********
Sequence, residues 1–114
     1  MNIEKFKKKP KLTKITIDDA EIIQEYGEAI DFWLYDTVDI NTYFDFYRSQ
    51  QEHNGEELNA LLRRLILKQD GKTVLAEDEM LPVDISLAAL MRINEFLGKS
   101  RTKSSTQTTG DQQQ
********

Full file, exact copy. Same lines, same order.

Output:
Sequence, residues 1–114
     1  MNIEKFKKKP KLTKITIDDA EIIQEYGEAI DFWLYDTVDI NTYFDFYRSQ
    51  QEHNGEELNA LLRRLILKQD GKTVLAEDEM LPVDISLAAL MRINEFLGKS
   101  RTKSSTQTTG DQQQ